The crown jewel of Capcom’s recently disbanded Clover Studios is undoubtedly Okami. From the very beginning it was shaping up to be Zelda-esque action-adventure game, with a totally unique visual style, mostly inspired by Japanese mythology. The final product is a unique and very entertaining game that can stand up to Nintendo’s behemoth. And that’s saying something.
The first thing you need for a great action-adventure game is a good story and Okami delivers in spades.
It starts off with an epic tale of how Orichi, an eight-headed dragon, horrified Kamiki Village 100 years ago by demanding the sacrifice of a little girl. However, Orichi was defeated and the girl saved by the warrior Nagi and the wolf Shiranui. Now, a century later, when Kamiki is preparing for the festivities to honor the memory of their saviours, an evil force suddenly appears that corrupts the land. The sun god Amaterasu, who has been living in the body of a white wolf, decides to step up and bring Nippon (Japan) back to normal. He is accompanied by Issun, a small bug, who provides him with valuable information during his quest.
The key aspect of the game is the Celestial Brush. When you press R1, the game pauses and the screen is filled with a sepia filter, as if it were a drawing board. With the analogue stick you can then paint symbols, which in turn summon special powers. There are fifteen brush techniques in total.
You can turn night into day and vice versa, repair broken bridges, cut down trees, summon gusts of wind, cause explosions, return withered trees to full bloom, etc. Some techniques can even be upgraded. The Celestial Brush is the key to solving all the puzzles and quests on your journey and it can even be used during combat. It’s also very intuitive to use. The symbols you need to paint are quite easy (for instance: if you want night to fall, you just draw a crescent moon in the sky or if you want to cut down a tree, you just have to draw a straight horizontal line over the tree). The system is also quite forgiving. You don’t need to draw perfect circles; as long it vaguely resembles an egg it’s okay.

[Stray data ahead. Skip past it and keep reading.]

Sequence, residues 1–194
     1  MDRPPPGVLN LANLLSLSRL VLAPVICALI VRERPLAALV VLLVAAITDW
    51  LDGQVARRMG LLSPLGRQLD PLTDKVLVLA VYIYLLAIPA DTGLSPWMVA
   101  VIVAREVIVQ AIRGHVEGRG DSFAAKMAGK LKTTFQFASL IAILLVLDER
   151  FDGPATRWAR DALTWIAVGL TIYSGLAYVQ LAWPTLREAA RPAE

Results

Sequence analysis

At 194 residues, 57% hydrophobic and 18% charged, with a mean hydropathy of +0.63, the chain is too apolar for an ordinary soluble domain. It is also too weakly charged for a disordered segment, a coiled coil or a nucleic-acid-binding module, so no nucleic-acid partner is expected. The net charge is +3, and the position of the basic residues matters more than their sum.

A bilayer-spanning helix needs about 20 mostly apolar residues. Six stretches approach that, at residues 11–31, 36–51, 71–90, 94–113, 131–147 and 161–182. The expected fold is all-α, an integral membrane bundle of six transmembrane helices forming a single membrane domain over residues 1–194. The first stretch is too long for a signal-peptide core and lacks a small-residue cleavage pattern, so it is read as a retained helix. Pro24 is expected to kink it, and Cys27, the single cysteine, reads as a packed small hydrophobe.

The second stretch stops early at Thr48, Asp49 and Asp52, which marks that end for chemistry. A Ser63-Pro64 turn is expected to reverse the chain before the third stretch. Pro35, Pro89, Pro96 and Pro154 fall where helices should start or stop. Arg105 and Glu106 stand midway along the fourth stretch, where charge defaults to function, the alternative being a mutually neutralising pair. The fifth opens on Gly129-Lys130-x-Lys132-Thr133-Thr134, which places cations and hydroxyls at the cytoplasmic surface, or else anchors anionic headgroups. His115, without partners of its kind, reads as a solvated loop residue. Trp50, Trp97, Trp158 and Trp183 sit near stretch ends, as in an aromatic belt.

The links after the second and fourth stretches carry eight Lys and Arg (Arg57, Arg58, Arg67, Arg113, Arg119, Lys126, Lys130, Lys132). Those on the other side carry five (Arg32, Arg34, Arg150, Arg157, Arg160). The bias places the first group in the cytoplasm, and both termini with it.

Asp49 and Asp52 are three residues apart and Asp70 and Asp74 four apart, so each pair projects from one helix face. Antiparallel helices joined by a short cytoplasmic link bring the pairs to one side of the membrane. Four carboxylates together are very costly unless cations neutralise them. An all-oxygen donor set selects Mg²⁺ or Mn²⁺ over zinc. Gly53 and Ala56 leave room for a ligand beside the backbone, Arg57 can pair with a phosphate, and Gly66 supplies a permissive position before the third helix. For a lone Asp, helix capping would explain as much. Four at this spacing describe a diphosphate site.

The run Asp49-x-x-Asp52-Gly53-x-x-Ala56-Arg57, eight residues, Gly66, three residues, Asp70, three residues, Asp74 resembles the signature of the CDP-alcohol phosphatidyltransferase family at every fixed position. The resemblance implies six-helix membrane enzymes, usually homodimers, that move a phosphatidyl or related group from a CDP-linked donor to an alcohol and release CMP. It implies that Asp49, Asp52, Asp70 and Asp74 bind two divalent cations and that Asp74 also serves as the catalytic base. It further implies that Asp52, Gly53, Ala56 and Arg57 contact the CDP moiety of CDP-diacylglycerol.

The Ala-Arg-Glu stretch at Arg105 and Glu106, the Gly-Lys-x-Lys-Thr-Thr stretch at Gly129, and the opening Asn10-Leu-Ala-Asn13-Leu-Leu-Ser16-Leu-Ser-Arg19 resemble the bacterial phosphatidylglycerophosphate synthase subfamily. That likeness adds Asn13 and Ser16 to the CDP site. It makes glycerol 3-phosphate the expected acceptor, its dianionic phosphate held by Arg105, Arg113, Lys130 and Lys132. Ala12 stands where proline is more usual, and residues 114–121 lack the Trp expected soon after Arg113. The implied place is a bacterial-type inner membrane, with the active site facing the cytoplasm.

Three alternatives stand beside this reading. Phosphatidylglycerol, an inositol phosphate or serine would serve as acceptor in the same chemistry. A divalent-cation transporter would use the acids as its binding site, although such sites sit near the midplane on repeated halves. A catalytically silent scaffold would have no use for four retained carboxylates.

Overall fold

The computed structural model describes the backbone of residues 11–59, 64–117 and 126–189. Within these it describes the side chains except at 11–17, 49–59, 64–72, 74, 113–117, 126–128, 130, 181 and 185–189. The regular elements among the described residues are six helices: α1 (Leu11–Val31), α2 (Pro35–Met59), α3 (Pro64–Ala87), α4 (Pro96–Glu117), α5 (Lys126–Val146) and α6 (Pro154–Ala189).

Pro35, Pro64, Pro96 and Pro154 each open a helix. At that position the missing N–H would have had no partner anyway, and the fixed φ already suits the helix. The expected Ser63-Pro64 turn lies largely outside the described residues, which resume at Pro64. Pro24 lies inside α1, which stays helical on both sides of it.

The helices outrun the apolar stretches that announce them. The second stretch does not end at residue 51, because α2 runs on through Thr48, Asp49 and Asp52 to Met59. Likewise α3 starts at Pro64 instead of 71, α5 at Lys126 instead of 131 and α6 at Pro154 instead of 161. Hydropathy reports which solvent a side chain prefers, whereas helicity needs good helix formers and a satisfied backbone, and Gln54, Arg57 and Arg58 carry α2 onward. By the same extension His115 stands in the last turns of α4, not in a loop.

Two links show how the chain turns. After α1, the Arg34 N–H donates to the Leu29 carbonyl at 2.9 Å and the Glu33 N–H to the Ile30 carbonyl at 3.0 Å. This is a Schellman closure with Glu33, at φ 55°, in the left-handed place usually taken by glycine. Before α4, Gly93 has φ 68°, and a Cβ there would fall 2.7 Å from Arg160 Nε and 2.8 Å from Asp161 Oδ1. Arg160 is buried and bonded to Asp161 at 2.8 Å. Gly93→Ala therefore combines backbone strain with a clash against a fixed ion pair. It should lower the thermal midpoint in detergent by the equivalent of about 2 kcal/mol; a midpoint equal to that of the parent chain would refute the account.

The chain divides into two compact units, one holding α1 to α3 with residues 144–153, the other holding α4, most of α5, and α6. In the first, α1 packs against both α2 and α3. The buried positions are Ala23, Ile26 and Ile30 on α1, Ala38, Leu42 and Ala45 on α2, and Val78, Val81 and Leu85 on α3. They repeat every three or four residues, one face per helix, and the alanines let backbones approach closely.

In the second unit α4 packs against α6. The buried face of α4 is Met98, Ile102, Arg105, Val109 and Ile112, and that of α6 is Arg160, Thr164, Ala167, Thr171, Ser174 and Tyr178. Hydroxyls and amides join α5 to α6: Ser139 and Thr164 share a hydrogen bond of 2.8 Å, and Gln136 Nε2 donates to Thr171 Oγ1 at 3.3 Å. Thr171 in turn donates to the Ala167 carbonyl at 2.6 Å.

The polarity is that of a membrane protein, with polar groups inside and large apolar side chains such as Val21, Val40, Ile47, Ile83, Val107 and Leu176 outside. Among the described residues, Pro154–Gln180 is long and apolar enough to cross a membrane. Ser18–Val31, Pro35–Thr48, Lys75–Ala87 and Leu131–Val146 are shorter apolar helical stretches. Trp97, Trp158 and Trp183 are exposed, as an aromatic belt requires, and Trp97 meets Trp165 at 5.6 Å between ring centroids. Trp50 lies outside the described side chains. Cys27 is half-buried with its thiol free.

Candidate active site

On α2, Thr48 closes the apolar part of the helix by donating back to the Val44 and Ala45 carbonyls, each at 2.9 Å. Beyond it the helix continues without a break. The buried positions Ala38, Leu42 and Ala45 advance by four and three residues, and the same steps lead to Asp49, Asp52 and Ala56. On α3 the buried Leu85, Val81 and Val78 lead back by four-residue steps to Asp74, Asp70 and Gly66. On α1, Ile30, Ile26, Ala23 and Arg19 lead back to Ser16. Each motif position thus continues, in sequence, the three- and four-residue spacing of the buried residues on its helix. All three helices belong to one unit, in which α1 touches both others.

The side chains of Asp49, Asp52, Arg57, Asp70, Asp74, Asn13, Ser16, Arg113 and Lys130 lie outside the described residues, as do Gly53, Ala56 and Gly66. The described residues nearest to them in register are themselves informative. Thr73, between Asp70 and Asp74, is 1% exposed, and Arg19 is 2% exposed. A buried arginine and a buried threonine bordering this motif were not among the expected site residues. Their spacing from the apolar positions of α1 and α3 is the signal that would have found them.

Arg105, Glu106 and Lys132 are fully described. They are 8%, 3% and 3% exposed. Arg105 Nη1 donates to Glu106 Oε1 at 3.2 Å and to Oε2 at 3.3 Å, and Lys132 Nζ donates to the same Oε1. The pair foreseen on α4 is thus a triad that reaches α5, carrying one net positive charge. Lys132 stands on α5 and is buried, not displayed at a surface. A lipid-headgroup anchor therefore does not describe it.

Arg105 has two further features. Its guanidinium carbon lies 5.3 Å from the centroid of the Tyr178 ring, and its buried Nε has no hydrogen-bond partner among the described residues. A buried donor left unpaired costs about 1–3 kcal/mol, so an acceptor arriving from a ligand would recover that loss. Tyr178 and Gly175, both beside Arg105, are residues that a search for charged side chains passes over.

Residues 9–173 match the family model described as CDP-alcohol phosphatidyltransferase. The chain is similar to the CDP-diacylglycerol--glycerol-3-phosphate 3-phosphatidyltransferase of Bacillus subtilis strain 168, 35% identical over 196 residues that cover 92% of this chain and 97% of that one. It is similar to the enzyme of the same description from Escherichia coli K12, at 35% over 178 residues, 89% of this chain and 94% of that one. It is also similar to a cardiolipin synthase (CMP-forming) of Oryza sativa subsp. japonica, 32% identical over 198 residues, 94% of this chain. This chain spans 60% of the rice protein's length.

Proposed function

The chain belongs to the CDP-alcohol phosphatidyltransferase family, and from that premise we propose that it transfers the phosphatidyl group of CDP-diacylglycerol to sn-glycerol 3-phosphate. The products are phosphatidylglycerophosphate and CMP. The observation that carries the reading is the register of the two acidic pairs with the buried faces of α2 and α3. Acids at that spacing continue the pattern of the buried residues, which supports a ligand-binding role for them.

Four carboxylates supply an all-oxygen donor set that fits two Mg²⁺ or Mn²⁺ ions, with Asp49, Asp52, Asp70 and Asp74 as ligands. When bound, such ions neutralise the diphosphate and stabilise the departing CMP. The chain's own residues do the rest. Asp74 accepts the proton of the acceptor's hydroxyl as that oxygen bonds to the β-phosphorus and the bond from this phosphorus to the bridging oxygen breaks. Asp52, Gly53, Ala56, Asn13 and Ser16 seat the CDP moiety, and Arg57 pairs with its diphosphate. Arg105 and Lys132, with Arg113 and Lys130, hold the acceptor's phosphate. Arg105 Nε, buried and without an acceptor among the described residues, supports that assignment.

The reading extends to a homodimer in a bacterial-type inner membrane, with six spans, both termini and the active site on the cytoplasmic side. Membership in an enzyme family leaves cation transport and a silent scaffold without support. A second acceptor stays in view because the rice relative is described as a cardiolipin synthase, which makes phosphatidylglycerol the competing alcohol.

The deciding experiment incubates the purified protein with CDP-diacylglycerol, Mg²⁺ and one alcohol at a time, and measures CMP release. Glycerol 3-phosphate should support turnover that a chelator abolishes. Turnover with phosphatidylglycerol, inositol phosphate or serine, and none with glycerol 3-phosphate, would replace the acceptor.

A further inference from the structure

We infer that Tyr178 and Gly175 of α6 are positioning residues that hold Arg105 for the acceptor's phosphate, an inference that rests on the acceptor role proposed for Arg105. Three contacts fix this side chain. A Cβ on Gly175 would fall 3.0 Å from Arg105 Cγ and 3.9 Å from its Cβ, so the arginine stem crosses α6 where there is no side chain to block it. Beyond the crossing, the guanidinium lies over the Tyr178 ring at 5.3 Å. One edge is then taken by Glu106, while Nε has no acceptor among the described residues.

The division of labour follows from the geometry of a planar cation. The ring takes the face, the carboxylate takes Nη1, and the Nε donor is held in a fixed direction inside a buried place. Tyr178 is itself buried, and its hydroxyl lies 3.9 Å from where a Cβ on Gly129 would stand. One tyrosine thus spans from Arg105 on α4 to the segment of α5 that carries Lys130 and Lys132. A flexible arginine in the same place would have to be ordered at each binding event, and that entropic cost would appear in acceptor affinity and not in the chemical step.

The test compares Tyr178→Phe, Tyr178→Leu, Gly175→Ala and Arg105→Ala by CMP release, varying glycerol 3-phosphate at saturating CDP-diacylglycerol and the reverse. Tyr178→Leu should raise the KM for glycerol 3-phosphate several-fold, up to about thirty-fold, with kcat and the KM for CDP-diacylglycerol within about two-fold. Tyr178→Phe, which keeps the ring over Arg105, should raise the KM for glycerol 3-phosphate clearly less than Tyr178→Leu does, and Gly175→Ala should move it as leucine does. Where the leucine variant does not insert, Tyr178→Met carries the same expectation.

Okami is filled with Zelda-style quests. Your main task is to free Nippon from darkness. As soon as you enter a new area, you’ll discover a large dark force field blocks off most of it. To restore the land to its former glory, you’ll have to revive the Guardian Saplings, large trees that posess magical powers.
As soon as you do that, the area will be yours to explore. Doing this earns you Praise. There are countless other ways to gain Praise, such as making cherry blossoms bloom again, feeding animals or doing tasks for villagers. Praise can be used to improve your stats, such as the length of your life gauge, the ammount of ink pots you have (how many times you can paint something before the ink needs refilling) or how many Astral Pouches you have. An astral pouch revives you when you die, but it first needs to be filled with food (which is abundant).